There is a war taking place in advertising, one that will determine what the industry will look like for years to come. This battle is being waged on multiple fronts, but the outcome will be based on one question: What technology will marketers use to create, target, deliver and measure their ads? The winning software will make its makers rich and powerful. The losers will fade into history. Everyone else in advertising will be inexorably linked to the technology that wins, perhaps for generations.
The coming ad technology revolution will create efficiencies at such a scale that it will remake whole parts of the advertising landscape. For example, some of the independent data management platforms are attempting implicitly to make media agencies obsolete. Some believe that all of the “middle-men” — agencies, ad networks, etc. — will be made redundant once the technology platforms are in place. These absolutists see their software, used by marketers and publishers alike, replacing the need for agencies.
They also claim that the signs of this future are already here. Marketers are becoming quite sophisticated when it comes to data and software, and how could they not? Once you cut your teeth on self-serve ad-buying platforms like Google and Facebook, it’s impossible not to adopt a more technological approach to marketing. And a few marketers — retailers, in particular — appear to be bringing some marketing activities in-house thanks to software.
The war extends inside the walls of the marketers themselves. Companies like Microsoft have recently cut hundreds of traditional marketers from their ranks as they put data-driven product teams in charge of marketing.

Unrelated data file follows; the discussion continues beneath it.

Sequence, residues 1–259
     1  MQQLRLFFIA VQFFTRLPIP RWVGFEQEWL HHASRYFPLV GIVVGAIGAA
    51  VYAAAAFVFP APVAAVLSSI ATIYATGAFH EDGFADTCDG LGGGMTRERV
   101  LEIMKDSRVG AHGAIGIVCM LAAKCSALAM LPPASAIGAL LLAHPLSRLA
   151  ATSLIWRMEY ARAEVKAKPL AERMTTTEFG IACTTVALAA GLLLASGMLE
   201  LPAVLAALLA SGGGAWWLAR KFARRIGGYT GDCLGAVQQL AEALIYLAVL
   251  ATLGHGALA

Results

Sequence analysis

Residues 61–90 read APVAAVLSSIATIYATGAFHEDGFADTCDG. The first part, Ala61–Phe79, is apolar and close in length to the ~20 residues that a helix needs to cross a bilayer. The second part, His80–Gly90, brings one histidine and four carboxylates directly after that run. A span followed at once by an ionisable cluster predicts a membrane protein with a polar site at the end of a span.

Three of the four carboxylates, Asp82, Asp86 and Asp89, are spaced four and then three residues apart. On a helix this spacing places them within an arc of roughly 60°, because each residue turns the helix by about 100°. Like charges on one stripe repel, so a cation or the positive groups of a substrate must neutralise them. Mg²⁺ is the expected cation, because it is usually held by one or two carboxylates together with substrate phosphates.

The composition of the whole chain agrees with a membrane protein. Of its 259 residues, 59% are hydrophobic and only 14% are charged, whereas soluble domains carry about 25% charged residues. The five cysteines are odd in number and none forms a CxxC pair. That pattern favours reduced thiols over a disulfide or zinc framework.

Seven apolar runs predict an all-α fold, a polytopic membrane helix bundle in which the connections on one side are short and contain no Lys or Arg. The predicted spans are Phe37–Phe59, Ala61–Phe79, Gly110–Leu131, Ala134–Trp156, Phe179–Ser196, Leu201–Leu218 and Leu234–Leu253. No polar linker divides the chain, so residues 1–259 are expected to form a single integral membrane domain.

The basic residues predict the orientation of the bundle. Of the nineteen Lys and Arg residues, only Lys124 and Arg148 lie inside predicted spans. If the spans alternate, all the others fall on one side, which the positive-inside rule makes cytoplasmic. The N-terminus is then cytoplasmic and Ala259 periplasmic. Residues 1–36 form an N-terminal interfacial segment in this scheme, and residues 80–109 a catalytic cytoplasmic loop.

The media agencies aren’t taking any of this lying down. After years of letting ad networks do some of their grunt work — planning and buying ads from thousands of Web sites using a potent mix of people and software — they’ve decided to get into the game. Most of the major agencies now operate trading desks with software that allows them to buy online ads in real time. As with Google pay-per-click campaigns in the previous decade, the trading desks are a training ground, readying the ad industry’s next generation for a time when most media will be bought via software rather than through handshakes and insertion orders.
The biggest battle for the future of advertising right now is in television. Media agencies are loathe to implement any technology that might cut them out of the lucrative business of planning and buying TV ads. This is why they have thwarted attempts by companies like Google to get into the TV ad business. The technology companies, on the other hand, argue that television buying needs to be modernized with online-like targeting and frequency capping. They are right, of course, and in exchange they want their own piece of the multibillion-dollar television ad market.
Also, MediaOcean, the result of a pending merger of back-office agency software companies Donovan and MediaBank, wants to build the operating system for advertising. The company positions itself as the anti-Google, an independent software platform that is not in the media business. This enemy of the agencies’ frenemy intends to be Madison Avenue’s ally in the battle for the future of advertising.
Meanwhile, next-generation media companies are launching their own assault on Adland. Facebook’s ad platform has been wildly successful and turns over a billion dollars every three months. Apple, Twitter and others have also created proprietary ad systems. With the proliferation of platforms, it would be ironic if the old-line media agencies, with their extensive ad ops and analytics expertise, emerge from the war in power.
The pacifists in the ad war, the creatives, will eventually be drawn into the battle whether they like it or not. New cloud-based platforms that optimize the production of ads are now within reach. Agencies will have to decide if these systems are friend or foe, reducing billable hours for production work, but freeing up creatives to do what they do best: producing content and telling great stories for brands. But the big creative shops don’t have much choice. If they don’t adopt the tools, someone else will jump in and seize the software. Technology is relentless.
While the outcome of the war has yet to be determined, we do know one thing right now: Software will irrevocably change the current landscape and usher in a new age of advertising.